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Book V
Chapter 25

This webpage reproduces a chapter of
Italy and Her Invaders

by
Thomas Hodgkin


2nd edition
Oxford University Press
London
1896

The text, and illustrations except as noted,
are in the public domain.

This page has been carefully proofread
and I believe it to be free of errors.
If you find a mistake though,
please let me know!

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Book VI
Chapter 1

Book VI (beginning)

Vol. V
p1
[Introduction]

The four invading nations whose history has been already related left no enduring memorial of their presence in Italy. The Visigoth, the Hun, the Vandal, the Ostrogoth failed to connect their names with even a single province or a single city of the Imperial land. What these mighty nations had failed to effect, an obscure and savage horde from Pannonia successfully accomplished. Coming last of all across the ridges of the Alps, the Lombards found the venerable Mother of empires exhausted by all her previous conflicts, and unable to offer any longer even the passive resistance of despair. Hence it came to pass that where others had but come in like a devouring flood and then vanished away, the Lombard remained. Hence it has arisen that he has written his name for ever on that marvel of the munificence of nature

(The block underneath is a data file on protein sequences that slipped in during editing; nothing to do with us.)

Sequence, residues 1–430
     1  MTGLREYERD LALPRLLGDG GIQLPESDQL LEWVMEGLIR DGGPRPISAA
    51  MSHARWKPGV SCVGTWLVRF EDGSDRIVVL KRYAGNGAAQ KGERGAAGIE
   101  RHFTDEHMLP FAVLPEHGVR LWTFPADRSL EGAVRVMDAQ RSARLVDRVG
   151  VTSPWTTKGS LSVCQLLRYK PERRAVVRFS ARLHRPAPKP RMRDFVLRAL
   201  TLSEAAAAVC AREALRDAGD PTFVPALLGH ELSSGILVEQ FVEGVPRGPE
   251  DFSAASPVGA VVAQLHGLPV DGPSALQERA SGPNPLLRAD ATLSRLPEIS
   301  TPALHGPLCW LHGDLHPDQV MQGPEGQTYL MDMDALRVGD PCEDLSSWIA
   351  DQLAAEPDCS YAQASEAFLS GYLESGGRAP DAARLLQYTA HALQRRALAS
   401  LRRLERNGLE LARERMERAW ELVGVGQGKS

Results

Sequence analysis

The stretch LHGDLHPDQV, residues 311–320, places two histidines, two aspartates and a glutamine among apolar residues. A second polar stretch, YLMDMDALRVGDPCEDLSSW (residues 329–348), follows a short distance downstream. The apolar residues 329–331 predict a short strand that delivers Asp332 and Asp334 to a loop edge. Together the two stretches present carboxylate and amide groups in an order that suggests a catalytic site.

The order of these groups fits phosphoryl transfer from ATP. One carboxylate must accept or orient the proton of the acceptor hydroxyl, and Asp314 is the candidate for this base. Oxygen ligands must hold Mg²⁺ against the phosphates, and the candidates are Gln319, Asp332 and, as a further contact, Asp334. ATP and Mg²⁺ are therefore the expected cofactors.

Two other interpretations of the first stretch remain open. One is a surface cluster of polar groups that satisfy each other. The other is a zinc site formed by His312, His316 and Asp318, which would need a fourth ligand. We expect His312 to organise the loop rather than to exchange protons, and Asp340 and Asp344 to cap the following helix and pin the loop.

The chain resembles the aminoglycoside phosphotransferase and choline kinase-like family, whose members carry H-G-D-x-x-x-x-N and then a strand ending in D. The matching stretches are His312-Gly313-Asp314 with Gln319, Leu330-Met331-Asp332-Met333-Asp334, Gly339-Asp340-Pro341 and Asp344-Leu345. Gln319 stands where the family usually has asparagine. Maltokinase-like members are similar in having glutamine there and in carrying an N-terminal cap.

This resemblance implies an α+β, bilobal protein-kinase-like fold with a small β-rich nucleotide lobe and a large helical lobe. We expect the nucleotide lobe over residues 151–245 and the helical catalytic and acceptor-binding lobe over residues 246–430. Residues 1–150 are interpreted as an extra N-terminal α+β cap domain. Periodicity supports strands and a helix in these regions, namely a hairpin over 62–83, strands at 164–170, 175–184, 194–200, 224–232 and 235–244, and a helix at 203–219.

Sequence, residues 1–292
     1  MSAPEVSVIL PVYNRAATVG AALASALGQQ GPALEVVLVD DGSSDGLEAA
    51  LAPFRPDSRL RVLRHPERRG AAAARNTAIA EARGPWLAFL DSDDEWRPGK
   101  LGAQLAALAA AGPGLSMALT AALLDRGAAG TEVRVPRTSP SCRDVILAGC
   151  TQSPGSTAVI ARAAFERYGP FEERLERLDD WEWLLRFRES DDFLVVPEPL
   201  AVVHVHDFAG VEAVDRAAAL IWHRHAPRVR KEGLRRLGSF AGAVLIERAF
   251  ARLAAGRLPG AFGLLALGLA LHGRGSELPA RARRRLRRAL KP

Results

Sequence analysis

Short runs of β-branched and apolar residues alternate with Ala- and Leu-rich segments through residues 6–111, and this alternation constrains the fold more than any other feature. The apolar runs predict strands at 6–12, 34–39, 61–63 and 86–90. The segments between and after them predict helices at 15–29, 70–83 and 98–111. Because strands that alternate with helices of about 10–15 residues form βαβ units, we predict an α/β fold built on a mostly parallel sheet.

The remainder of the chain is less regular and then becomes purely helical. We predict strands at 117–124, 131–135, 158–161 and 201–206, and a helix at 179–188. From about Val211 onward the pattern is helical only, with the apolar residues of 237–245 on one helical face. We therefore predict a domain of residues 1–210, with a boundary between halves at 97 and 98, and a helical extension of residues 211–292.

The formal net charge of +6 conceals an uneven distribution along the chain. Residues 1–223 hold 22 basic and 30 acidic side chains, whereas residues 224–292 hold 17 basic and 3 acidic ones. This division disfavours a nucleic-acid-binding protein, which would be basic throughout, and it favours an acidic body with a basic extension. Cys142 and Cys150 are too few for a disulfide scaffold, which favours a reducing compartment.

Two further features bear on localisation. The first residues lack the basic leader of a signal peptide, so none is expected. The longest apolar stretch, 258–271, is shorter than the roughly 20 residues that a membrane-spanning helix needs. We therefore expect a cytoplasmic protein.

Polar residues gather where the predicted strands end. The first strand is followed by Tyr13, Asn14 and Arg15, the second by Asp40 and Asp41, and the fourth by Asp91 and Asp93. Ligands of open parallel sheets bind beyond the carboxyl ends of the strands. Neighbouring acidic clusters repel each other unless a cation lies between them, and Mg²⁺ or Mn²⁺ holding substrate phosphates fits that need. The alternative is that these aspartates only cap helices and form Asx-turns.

'The waveless plain of Lombardy.'

Strange indeed is the contrast between the earlier and the later fortunes of this people, between the misty marshes of the Elbe and the purple Apennines of  p2 Italy, between the rude and lightly abandoned hut of the nomadic Langobard and the unsurpassed loveliness of the towers of Verona. From the warriors 'fiercer than even the ordinary fierceness of the Germans,'1 what a change to the pale 'Master of Sentences,' Peter the Lombard, intent on the endless distinctions which made up his system of philosophy. Nay, we may go a step further, and by a kind of spiritual ancestry connect London itself with the descendants of this strange and savage people. There is a street in London bearing the Lombard's name, trodden daily by millions of hurrying footsteps, a street the borders of which are more precious than if it were a river with golden sands. From the solitary Elbe pastures, occasionally roamed over by some savage Langobardic herdsman, there reaches a distinct historic chain of causes and effects, which connects those desolate moorlands with the fullness and the whirl of London's Lombard Street.

It was not however till the year 568 that the Lombards entered Italy. Between the defeat of Teias at Monte Lettere and that date, there intervened sixteen years of more or less trouble for Italy, the history of which will be told in the first two chapters of this volume. It will then be our duty to remount the stream of time through several centuries, in order to trace the early history of the Lombards.


The Author's Note:

1 'Fracti Langobardi, gens etiam Germanâ feritate ferocior' (Velleius Paterculus, II.106).


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